I play a lot of video games. I'm currently working on my racing license, so I can do rallycross. I've had to put a lot of that on hold due to me moving out of California, but as soon as I find a place that doesn't want $5,000 to teach me, I'm doing it.
Average Days: 58.82 Days
DAYS IN JURY
Weeks in House
Days in Jury
DEN OF TEMPTATION
TREE OF TEMPTATION
TOTAL COMPS: 31
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Megan Lowder, a contestant on the 19th season of the reality show Big Brother, said she chose to leave the house early because the show triggered her PTSD.
“When I was stationed in Norfolk, Virginia, I was sexually assaulted and I got really bad PTSD from it,” said Lowder, who served in the Navy.
“So in the house… I had a lot of guys yelling at me and attacking me and it started really affecting me and making my anxiety severe and I was starting to get physically ill. I was throwing up, I had diarrhea, I was nauseous all the time.”
Online reports based on the live feed said Lowder told Alex Ow that Jessica Graf had called her a panda, but Ow accuses Lowder of lying about the remark.
“I could have heard wrong, it’s entirely possible, but I was already talking to them about wanting to leave before that and so at that point I knew I couldn’t handle it anymore and I went into the diary room where I started having a panic attack and they wound up taking me to the hospital a couple hours later,” said Lowder.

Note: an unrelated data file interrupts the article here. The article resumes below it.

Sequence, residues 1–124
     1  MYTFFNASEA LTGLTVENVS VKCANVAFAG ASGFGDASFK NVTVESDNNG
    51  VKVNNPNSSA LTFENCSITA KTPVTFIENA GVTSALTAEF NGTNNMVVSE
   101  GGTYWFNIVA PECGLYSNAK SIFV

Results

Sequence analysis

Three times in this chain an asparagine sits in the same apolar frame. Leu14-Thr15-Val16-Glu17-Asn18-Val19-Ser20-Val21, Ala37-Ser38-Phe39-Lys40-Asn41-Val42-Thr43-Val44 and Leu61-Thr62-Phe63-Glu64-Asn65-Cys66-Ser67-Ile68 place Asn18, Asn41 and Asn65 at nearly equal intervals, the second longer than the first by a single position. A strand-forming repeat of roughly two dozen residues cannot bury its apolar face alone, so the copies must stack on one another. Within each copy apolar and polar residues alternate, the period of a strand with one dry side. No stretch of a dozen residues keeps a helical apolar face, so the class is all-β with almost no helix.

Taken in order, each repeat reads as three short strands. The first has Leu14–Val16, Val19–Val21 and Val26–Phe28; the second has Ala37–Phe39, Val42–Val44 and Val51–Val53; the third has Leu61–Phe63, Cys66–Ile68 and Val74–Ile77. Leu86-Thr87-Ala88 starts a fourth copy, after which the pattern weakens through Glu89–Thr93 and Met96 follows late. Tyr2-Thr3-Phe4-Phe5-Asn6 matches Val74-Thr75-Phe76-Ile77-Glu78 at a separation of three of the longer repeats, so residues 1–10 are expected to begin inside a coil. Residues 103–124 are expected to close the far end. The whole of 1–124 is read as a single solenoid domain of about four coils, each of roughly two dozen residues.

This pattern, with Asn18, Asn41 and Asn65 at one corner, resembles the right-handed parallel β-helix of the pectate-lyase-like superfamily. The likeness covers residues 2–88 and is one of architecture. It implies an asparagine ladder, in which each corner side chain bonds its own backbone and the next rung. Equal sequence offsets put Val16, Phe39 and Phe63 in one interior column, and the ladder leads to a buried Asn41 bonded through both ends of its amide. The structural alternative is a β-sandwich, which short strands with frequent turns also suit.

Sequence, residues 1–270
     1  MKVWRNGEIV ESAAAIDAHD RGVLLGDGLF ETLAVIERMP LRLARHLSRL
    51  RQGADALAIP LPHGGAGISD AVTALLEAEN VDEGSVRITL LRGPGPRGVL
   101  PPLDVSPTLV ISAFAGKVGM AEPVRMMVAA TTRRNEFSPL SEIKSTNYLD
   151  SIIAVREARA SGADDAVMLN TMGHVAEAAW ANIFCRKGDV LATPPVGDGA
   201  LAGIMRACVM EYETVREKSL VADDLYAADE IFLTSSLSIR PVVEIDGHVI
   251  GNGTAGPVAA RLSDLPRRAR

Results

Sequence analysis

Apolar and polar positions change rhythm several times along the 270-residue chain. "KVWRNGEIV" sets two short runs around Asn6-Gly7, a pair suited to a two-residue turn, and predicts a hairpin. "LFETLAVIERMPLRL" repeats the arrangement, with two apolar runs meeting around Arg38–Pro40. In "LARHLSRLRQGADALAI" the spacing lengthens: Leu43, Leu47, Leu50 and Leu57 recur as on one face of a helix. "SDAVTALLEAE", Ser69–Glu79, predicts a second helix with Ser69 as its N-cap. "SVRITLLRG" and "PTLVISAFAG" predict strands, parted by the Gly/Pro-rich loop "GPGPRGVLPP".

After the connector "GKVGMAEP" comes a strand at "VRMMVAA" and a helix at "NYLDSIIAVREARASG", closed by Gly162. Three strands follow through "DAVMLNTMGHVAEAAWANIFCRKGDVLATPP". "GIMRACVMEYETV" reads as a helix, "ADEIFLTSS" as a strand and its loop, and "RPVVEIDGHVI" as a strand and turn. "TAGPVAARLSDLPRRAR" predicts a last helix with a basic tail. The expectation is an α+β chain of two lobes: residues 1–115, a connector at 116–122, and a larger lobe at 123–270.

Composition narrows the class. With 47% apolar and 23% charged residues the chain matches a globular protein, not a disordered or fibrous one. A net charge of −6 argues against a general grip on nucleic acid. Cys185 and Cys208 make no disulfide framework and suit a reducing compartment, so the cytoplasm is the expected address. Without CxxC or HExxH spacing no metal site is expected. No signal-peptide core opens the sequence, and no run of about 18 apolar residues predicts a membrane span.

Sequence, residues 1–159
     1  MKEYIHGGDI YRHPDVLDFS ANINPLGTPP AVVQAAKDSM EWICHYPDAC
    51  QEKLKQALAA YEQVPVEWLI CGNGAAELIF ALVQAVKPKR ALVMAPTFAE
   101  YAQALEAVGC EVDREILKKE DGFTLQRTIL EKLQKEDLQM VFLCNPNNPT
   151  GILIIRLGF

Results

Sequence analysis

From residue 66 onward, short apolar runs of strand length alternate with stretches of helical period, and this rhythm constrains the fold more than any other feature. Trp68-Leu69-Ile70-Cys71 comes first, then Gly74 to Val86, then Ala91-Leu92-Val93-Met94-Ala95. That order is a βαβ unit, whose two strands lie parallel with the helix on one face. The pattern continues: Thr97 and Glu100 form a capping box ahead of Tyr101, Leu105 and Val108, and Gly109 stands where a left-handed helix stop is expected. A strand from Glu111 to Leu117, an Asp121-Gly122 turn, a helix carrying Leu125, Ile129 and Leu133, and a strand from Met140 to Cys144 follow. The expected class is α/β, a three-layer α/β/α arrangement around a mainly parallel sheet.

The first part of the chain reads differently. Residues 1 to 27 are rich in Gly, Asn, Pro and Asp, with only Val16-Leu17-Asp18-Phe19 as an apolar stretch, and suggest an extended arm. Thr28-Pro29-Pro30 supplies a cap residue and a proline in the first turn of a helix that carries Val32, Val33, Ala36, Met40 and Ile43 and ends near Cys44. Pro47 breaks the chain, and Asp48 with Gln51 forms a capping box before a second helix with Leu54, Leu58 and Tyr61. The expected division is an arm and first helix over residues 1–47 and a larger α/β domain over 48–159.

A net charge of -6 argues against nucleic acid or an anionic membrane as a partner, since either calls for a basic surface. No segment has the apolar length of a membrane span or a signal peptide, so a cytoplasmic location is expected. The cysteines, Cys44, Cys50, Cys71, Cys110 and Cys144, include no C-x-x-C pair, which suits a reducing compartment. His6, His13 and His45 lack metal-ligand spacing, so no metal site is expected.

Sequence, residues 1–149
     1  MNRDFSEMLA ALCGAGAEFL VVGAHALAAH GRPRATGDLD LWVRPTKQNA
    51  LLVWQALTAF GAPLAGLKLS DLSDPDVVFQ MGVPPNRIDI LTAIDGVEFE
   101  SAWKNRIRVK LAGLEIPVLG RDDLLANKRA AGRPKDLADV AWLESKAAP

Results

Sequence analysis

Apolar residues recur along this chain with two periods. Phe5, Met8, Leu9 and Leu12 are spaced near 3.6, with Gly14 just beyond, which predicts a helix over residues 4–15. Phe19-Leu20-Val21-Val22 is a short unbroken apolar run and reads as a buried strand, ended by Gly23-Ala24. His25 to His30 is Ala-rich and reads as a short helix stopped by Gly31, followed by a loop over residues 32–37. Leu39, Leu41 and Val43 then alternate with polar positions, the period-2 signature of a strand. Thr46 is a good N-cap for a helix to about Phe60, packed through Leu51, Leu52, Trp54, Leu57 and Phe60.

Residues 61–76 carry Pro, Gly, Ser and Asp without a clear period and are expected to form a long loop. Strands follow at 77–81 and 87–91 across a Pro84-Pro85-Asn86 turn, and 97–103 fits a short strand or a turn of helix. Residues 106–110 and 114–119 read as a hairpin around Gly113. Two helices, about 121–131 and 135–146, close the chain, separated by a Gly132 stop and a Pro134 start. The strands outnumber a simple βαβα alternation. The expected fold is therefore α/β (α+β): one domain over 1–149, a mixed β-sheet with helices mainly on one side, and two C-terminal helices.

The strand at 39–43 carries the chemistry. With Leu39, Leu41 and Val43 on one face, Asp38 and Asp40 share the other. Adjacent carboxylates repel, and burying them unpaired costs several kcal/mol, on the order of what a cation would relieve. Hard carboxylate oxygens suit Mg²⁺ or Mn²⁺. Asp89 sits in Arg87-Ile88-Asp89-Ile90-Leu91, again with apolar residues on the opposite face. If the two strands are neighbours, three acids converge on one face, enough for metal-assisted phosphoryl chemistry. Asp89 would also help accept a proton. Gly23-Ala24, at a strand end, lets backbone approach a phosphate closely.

Lowder said it was a mutual decision to leave. She spent a couple days in the hospital and is now in Cathedral City, California, with family. She had moved from the desert to Phoenix in December and plans to return eventually for school.
She says she has Dr. Eugene Lipov, a pain management specialist based in Chicago, to thank for that. He gave her a Stellate Ganglion block – an injection of an anesthetic into her neck – which targeted the increased amount of ephinepherine, or “fight-or-flight” response, in her system due to the PTSD.
While Lipov and his PTSD patients praise the treatment’s effectiveness anecdotally, scientific evidence is inconclusive and testing is ongoing. The Department of Defense currently has a trial underway led by RTI International and three Army hospitals to determine the treatment’s effectiveness in treating PTSD.
Lipov details the process: If the first injection of the anesthetic into the neck doesn’t work, he will make a second one in a higher location. It took two injections for Lowder to get the results she was hoping for.
By Xochitl Pena, The Desert Sun, Sept. 5, 2017
By Xochitl Pena, The Desert Sun, June 30, 2017
By KTAR.com, June 19, 2017